All right, my name is Keith Payne, born in Ingham 30th of August 1933, the son of Henry Thomas and
Ramilda Maria Payne. At that time I was the youngest of four children born to the family at that time, but the family did increase to a 13 bracket which was the pretty standard sort of a family back in those days now, in the country anyhow. City people didn't. Well they had a lot more to do with their time I suppose than rear children. And
I was educated at Ingham State School initially during the early part of the war years. Then we moved out to Trebon, changed schools there to the Trebon State School and subsequently came back into Ingham, probably in the late '40s we moved back into town. Father got another job back
in town so we moved back into town and into initially the family home. So we moved about quite a bit at that time because of work mainly and father just coming out of the military and re-establishing himself. From there I did an apprenticeship as a cabinet maker until I fell out with the boss and decided that it was time
I moved on, so I joined the regular army. Prior to going into the regular army I'd already joined the regimental cadets, and the regimental cadets of that time was greatly integrated with the then Citizens' Military Forces, now the Reserve, and we did all the training that the CMF [Citizens' Military Force] did, only they got paid and we never.
So having finished that and decided to join the regular army, I pulled the pin and [left] and went to Brisbane. And my boss cancelled my apprenticeship indenture, so I came back up again and had a few words with him. And he decided to change the indentures, and so I subsequently was enlisted into the regular army. From there I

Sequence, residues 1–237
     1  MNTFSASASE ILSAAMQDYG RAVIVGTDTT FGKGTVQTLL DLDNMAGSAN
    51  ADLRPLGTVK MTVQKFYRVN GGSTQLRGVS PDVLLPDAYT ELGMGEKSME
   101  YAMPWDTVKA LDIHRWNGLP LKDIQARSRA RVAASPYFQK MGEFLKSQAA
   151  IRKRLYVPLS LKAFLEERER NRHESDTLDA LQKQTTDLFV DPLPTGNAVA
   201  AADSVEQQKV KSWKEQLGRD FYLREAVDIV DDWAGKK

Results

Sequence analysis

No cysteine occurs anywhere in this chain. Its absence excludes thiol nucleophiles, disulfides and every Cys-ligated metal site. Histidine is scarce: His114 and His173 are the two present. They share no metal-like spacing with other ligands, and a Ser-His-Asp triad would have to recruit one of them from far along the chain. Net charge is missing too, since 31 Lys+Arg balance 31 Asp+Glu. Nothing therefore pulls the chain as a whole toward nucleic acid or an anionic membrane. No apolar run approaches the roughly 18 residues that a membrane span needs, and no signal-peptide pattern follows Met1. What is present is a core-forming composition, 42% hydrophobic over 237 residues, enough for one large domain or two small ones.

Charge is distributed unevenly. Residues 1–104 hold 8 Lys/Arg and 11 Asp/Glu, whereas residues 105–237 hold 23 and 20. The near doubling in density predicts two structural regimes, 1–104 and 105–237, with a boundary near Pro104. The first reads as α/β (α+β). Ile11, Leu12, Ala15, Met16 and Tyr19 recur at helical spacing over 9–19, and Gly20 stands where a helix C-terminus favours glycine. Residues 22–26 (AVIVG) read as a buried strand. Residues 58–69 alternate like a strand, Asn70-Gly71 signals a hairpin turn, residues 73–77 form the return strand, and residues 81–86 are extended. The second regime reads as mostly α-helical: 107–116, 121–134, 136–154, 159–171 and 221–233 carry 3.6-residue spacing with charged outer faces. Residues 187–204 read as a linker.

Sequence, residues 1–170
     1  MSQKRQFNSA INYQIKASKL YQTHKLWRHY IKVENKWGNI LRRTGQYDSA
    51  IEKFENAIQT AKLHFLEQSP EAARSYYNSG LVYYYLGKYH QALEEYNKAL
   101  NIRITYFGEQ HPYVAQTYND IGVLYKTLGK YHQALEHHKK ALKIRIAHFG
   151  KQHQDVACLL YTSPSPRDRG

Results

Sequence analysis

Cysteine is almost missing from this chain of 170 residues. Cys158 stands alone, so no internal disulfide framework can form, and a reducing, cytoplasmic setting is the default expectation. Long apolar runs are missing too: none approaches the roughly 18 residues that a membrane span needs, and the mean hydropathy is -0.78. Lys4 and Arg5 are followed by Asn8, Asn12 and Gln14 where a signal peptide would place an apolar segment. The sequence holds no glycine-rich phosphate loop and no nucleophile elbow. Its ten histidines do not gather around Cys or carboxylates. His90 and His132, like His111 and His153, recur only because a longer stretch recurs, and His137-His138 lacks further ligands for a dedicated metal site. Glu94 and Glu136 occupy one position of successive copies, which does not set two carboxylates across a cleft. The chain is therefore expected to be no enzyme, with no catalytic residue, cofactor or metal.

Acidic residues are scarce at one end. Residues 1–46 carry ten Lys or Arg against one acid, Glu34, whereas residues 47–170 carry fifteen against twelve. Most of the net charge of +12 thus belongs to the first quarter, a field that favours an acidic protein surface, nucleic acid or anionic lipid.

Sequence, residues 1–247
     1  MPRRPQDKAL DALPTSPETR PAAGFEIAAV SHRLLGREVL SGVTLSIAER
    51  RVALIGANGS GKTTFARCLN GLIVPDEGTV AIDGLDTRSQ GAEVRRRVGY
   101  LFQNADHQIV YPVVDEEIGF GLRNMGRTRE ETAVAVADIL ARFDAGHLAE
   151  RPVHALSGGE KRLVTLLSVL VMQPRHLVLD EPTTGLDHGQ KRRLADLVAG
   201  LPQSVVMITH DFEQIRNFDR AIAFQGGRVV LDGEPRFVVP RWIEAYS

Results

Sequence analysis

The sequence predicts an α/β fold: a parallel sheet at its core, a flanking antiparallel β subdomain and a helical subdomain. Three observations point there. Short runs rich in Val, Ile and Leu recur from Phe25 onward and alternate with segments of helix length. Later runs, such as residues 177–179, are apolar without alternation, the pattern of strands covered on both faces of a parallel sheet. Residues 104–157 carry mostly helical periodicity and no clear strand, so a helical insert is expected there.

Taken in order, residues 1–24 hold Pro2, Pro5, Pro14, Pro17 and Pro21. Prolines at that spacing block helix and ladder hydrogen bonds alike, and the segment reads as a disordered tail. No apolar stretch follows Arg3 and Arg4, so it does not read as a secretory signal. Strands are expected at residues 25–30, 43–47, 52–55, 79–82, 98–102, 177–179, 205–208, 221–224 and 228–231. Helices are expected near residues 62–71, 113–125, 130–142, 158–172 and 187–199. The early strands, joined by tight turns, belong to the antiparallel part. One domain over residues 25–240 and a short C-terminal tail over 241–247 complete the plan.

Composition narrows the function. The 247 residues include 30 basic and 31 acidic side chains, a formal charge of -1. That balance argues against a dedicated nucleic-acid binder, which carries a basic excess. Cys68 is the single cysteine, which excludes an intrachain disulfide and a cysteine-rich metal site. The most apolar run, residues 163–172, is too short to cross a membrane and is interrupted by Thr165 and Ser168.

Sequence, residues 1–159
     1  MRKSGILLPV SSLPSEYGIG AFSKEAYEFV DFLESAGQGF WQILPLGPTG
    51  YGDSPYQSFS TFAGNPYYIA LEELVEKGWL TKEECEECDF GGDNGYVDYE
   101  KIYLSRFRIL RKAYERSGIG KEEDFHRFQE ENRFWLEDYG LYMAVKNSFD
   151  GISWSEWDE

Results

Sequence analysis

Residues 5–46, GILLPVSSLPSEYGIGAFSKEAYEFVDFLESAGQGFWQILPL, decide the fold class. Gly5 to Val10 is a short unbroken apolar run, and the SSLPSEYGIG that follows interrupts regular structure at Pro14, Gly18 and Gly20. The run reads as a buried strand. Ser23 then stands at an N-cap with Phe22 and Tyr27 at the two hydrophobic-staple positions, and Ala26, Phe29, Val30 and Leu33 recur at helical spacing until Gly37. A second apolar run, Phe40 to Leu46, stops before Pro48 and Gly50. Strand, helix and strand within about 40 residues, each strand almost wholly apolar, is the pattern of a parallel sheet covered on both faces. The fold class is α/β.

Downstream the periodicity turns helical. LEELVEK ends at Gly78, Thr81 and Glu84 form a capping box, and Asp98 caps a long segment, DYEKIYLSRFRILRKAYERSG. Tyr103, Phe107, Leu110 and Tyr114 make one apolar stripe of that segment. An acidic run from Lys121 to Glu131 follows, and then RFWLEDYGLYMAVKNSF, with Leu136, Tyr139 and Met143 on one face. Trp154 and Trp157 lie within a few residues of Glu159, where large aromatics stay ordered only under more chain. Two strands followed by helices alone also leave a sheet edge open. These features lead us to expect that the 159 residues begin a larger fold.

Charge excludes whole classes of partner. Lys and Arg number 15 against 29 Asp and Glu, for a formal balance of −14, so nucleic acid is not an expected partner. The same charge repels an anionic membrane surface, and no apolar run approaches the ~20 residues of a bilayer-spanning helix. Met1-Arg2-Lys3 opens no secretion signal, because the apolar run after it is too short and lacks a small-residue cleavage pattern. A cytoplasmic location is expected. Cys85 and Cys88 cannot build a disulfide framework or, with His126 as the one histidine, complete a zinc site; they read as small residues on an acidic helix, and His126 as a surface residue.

did my recruit training and then my formal infantry training and everything prior to embarking for Korea in the middle of 1952. I served with the 1st Battalion of the Royal Australian Regiment for the ensuing nine and a half months while the battalion was in Korea. When the battalion left to come home, I
only had a short period to go so instead of going back into another battalion and upsetting the organisation there, I completed my time at 28 Brigade Headquarters in the rear echelon area, which I was pretty thankful for because I'd done my time in the line. And having completed that I came back to Australia
and was posted to a cadet unit in Townsville, remained there until 1955 and then transferred as an instructor to Wacol. It was during my period at Townsville that I did a
driver max course with the army and met someone that distracted my attention somewhat and was to be my wife for the next 50-odd years. So from there I went back into the regular battalions again, back to 3 RAR [3rd Battalion Royal Australian Regiment], did a training course leading up to deployment into
Malaya. We went into Malaya and did operations on the Malay-Thai border and against the Indonesians during the confrontation along the [Malay] Peninsula. From there it was back home. National Service had now started for… the second bracket of National Service had started, which saw our young men now deploying into Vietnam. After doing a
warrant officers' course I was posted to Skyville, which is the Officer Training Unit, to train the National Service people that had been selected to do officer training. Having trained them for a while I managed to escape Skyville. I went into the 2nd Battalion